"Some Say it With A Brick": George Herriman's Krazy Kat

Written by Elisabeth Crocker

Cartoonist George Herriman effected his social critique by locating Krazy Kat's identity almost exclusively in an overtly ideological naivete. Krazy exposes the false consciousness of his companions through ignorance of their habits and conventions; his naive misrecognitions of their kynical misrecognitions deny their denial, pointing out the pretensions and misrecognitions necessary for the maintenance of everyday life. More than any other aspect of his character, this naivete fixes Krazy as an individual, for some of the most powerful locators of individual identity -- gender and race -- are transmutable in his character. Like the background scenes of Coconino County where he lives, Krazy's gender and race shift, at random sometimes, but more often according to his social situation. Herriman couched his assertions about the socially-constructed nature of categories like race and gender, as well as categories such as class, age, ethnicity, and occupation, so deeply in the sophisticated allegory of his comic strip, however, that few readers noticed them. Those who have written on Krazy Kat to date have confined their comments to Herriman's drawing style and his literary allusions, and to the more poignant but less puzzling aspects of the love relationship between Krazy Kat and Ignatz Mouse. I focus instead upon the cultural work Herriman was attempting, by drawing attention to moments in which Herriman directly addresses issues of class, ethnicity, gender, race, sexuality, and technology.

The situation of the characters remains unchanged over the course of the strip's thirty-year run: Ignatz Mouse hates Krazy Kat with a violent obsession that causes him to throw bricks at Krazy's head; Krazy loves Ignatz with a singleminded passion that causes him to interpret the projectiles as signs of Ignatz' love; Offissa Bull Pupp loves Krazy Kat and hates Ignatz Mouse, and uses his lawful authority -- as well as his billy club -- to protect Krazy from the bricks. Ignatz detests the "Kop," and Krazy does not return Pupp's affection, although he does not resent the intervention in his relationship with Ignatz. Krazy seems to understand that others cannot see the brick as a token of affection, and he ignores even Ignatz' own protestations to the contrary; he is always utterly confident in his perception of the brick as a signifier of love.

The relationship between the three principals provides an ongoing romance-plot, but it also frames subplots entailing the characters' adjustment to new technologies and new discourses, and to the problems an upwardly-mobile, mercantilist, service-industry bourgeoisie encounters in its dealings with the laboring classes. Indeed, the Sunday comics as a genre arose as a means of commentary on the rapidly changing, increasingly stratified urban scene around the turn of the century, with Richard Felton Outcault's "Yellow Kid" the first color comic. The Kid, clad in a yellow jumper inscribed with his dialogue, starred in Hogan's Alley, a series in the Sunday New York World begun in 1895. Hogan's Alley is a street in a tenement neighborhood, whose inhabitants are first- and second-generation European, mostly Irish immigrants. The children of this slum are coarse and crass, and generally troublemakers, but are also possessed of a beguiling innocence that allows them to comment freely on the social injustice and hypocrisy they perceive in the city dwellers. Noting the popularity of Outcault's strip, other cartoonists picked up the immigrant and bad-boy themes, more and less polemically and with more and less success. The Katzenjammer Kids, Abie the Agent, and Bringing Up Father, were among the more popular immigrant strips, which employed the figure of the greenhorn both as the perpetrator and as the butt ofjokes.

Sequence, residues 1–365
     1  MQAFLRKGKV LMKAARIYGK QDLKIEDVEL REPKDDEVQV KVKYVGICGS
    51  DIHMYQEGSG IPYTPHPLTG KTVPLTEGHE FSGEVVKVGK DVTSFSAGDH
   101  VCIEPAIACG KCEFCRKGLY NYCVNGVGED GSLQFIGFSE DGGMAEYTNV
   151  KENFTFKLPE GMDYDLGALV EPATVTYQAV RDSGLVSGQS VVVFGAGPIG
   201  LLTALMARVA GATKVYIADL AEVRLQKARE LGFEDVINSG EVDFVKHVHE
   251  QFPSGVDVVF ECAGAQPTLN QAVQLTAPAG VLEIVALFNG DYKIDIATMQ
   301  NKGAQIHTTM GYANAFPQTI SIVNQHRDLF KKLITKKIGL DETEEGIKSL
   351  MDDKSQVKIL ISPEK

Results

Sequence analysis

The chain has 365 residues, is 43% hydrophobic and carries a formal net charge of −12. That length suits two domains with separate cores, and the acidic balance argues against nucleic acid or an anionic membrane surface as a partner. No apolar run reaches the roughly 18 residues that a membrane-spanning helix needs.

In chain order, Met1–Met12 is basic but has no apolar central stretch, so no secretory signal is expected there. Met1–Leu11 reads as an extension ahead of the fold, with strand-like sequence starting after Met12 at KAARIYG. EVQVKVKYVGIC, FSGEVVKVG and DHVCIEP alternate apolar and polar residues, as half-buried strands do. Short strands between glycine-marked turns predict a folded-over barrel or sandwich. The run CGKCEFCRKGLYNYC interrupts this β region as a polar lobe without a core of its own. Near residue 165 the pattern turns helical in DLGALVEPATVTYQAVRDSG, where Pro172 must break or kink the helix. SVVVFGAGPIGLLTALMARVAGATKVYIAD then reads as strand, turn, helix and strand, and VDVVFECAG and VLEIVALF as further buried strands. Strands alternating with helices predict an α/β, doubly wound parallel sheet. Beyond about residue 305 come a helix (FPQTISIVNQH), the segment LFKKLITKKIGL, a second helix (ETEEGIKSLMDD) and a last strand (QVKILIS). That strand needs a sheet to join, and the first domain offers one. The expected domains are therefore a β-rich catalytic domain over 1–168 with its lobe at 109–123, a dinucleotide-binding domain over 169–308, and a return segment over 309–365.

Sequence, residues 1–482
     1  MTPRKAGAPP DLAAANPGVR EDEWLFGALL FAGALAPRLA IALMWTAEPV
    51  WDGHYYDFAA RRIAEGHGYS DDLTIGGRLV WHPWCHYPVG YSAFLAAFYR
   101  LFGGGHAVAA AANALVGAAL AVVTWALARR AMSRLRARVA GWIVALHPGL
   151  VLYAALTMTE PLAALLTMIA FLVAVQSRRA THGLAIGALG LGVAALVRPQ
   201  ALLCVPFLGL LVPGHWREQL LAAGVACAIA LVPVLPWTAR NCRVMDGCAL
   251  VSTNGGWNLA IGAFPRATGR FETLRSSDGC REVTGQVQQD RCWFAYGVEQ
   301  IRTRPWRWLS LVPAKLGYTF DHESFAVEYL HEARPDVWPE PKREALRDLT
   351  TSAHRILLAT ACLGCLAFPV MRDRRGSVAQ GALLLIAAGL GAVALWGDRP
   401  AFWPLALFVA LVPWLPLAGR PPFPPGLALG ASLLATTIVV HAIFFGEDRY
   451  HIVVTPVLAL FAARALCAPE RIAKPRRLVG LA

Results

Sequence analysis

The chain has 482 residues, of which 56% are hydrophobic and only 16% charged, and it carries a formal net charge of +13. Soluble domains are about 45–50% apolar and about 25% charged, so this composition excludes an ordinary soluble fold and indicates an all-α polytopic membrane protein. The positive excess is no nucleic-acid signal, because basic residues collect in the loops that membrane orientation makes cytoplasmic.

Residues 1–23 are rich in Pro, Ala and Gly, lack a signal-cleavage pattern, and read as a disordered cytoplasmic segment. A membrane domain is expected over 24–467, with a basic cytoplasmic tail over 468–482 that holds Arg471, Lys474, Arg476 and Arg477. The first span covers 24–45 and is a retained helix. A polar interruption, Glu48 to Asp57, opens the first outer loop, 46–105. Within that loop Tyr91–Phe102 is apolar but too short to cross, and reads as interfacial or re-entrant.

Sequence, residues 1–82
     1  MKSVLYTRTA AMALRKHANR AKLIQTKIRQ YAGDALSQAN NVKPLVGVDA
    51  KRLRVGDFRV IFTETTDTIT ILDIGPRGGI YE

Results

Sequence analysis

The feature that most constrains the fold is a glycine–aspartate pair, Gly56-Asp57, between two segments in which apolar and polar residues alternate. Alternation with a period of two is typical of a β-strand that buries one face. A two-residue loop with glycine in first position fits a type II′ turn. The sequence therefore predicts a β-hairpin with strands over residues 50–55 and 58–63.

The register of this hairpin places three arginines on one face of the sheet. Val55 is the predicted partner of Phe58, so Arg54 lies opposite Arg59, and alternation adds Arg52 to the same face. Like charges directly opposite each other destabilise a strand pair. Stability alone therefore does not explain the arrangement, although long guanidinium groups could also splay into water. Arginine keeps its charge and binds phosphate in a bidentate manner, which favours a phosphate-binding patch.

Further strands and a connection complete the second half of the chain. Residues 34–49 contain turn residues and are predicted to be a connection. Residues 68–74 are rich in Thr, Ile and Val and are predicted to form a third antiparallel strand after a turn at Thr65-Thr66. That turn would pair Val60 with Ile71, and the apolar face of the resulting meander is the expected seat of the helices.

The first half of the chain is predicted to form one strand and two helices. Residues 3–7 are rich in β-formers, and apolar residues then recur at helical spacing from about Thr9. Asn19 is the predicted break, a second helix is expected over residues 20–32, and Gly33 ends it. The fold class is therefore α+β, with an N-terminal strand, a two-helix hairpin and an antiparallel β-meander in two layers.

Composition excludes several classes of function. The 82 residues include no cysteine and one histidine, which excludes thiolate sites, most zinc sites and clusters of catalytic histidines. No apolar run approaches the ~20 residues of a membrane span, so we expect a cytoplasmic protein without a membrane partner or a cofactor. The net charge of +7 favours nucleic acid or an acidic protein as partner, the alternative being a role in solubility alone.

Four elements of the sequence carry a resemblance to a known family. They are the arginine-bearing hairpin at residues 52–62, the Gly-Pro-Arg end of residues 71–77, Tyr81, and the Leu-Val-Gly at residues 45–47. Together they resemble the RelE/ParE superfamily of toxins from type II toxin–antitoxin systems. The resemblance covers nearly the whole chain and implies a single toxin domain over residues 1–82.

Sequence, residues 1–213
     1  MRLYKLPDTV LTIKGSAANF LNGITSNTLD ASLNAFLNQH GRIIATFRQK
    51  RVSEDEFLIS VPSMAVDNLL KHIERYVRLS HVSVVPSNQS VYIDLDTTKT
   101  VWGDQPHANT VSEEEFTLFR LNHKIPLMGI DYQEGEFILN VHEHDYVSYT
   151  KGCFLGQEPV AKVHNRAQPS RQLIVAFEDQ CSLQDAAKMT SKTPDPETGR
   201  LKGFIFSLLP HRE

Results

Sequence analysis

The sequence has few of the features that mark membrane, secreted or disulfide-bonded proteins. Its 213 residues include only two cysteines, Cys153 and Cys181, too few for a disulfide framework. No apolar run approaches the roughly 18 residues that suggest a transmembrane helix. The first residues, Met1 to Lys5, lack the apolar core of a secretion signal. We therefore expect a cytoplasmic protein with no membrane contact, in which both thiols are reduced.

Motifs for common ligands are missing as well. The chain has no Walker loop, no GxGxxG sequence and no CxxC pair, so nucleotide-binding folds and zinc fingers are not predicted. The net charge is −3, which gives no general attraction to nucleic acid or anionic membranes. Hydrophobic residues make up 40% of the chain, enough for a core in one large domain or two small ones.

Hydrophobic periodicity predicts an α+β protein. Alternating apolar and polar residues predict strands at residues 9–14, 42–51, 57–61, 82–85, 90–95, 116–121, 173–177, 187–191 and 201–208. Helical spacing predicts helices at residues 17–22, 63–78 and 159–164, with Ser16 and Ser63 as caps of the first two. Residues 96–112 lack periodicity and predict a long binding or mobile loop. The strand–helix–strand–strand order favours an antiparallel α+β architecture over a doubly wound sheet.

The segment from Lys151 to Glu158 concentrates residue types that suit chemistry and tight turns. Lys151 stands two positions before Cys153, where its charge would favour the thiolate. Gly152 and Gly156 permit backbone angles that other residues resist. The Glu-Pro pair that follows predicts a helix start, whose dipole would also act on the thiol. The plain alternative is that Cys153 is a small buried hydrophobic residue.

In 1901, about the time that George Herriman began drawing cartoons for the Judge in New York, Outcault gave up the "Yellow Kid" and started a strip in the Herald called Pore Lil' Mose, the first comic to feature a sympathetic central character who was African American. The plot began in Cottonville, Georgia, but Outcault soon moved Mose to New York City, where he and his animal friends were in alien surroundings. Outcault, though susceptible to the use of Sambo-like stereotyping for a cheap laugh, nonetheless developed Mose's blackness into a more complicated trope in his strip; race in Mose identifies the character in New York as an immigrant in the extreme, the most visible kind of outsider, and also points out the increasing disparity between rural and urban American life. Migration from one part of the United States to another had become as traumatic as that from another part of the world; the farm country had become the Old Country.